The challenges faced by incoming freshman have always been an essential part of the college experience. Coping with homesickness. Making new friends. Adjusting to an exciting new environment and level of academic rigor.
For Ansumana Bangura ’20, who was born to two African parents from Sierra Leon and grew up in a close-knit traditional African community in Crown Heights, Brooklyn, his first day of class was especially daunting.
“I’m not going to lie. Going into my first lecture, it was like 400, 500 people, and very few of them looked like me,” Bangura said. “That’s very intimidating.”
Bangura’s experience will be familiar to most minority students pursuing engineering degrees across the country. According to a 2015 report by the National Science Foundation, three racial and ethnic groups—blacks, Hispanics, and American Indians/Alaska Natives—as well as women and people with disabilities, are disproportionately underrepresented in science and engineering, with underrepresented minorities accounting for only 20 percent of bachelor’s degrees in those fields in 2014. That percentage dropped to 14 and 8 percent for masters and doctorate degrees, respectively. And while women typically earn 57 percent of all bachelor’s degrees, they only accounted for 19.8 percent of bachelor’s degrees in engineering fields, the report showed.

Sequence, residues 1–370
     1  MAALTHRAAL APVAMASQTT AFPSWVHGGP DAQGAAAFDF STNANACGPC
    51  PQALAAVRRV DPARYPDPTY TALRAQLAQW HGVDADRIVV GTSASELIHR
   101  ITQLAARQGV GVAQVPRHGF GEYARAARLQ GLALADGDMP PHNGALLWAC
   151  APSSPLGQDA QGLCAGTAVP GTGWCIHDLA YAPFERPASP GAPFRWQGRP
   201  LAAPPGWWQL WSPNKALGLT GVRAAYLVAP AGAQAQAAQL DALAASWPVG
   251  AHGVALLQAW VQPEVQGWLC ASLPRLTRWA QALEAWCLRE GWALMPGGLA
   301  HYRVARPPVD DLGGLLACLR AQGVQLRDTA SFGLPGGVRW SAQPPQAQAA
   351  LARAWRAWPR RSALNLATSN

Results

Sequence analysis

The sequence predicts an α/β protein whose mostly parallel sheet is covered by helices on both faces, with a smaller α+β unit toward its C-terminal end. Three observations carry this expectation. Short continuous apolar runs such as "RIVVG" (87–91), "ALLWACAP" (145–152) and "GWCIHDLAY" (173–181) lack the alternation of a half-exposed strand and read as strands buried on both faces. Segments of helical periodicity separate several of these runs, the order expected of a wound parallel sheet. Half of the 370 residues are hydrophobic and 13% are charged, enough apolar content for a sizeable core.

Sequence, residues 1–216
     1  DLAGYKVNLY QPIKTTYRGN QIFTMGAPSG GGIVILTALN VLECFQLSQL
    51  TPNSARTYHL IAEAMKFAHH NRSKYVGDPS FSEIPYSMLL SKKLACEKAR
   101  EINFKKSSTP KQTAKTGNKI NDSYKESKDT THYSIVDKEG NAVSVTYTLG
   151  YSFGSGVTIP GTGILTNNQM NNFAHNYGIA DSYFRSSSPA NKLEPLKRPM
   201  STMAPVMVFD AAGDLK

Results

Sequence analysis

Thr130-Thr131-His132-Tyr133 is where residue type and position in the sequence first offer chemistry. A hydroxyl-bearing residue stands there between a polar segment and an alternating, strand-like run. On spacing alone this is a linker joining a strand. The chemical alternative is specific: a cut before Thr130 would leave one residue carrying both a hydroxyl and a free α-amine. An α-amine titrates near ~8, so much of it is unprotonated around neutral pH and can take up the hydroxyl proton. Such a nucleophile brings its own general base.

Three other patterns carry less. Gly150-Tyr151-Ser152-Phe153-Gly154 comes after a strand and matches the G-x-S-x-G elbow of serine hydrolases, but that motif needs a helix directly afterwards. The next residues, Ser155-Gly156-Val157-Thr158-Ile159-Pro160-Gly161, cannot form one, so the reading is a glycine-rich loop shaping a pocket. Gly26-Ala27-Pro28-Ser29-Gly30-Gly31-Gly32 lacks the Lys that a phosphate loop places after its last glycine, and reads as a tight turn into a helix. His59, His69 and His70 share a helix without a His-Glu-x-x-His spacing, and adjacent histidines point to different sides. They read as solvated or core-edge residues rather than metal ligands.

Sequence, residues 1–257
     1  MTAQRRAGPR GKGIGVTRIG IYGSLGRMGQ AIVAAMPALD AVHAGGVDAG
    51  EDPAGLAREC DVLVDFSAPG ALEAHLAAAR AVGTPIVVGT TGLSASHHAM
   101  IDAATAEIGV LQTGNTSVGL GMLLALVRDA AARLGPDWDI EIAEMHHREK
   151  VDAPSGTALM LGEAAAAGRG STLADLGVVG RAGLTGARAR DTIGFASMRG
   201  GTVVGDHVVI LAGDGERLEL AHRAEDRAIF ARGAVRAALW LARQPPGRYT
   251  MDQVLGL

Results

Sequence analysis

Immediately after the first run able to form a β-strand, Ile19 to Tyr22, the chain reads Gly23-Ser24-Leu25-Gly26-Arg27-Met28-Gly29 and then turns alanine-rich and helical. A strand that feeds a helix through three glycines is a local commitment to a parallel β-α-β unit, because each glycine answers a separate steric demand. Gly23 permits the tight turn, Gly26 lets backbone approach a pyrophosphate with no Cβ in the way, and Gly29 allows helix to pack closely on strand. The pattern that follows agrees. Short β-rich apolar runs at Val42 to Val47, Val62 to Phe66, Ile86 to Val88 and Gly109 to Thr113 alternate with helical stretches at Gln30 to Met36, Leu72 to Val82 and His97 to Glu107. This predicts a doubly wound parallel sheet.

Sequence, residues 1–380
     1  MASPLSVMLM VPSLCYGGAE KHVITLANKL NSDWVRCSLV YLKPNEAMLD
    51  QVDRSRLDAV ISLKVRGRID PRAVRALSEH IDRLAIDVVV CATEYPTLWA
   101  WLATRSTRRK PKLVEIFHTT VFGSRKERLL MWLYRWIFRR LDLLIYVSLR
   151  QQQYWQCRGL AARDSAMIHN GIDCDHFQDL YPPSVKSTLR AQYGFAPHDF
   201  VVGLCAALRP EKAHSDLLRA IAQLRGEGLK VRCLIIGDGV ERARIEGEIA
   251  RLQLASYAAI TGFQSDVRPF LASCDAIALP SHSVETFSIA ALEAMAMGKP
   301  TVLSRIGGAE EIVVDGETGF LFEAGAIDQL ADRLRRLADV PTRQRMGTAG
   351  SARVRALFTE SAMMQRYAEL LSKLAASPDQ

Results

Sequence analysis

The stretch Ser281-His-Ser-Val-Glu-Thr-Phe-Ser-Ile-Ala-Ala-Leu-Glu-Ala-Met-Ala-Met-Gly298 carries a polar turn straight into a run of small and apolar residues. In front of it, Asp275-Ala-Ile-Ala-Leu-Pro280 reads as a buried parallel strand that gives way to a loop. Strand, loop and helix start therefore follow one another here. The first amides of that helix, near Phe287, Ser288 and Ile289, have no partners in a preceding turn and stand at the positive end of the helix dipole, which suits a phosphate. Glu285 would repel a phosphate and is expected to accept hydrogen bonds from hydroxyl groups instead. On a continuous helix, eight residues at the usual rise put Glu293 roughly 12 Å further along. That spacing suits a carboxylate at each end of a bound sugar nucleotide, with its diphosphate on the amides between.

These figures should not be surprising to anyone who has been actively involved with trying to bring greater diversity to engineering education.
“Looking at the historic picture, women and racial monitories were structurally excluded from opportunities in STEM,” said Jami P. Joyner, the director of Diversity Programs in Engineering (DPE). “Then you had a time where systemic changes were implemented, whether that was through leadership at various institutions, through legislation, affirmative action type policies or progressive thinking. Whatever the catalyst, I think society has benefited and advanced from inclusion. There was, and still is, a large untapped population, minorities and women, with a wealth of talent. We must diligently work to ensure that engineering, STEM education and career pathways are accessible to them.”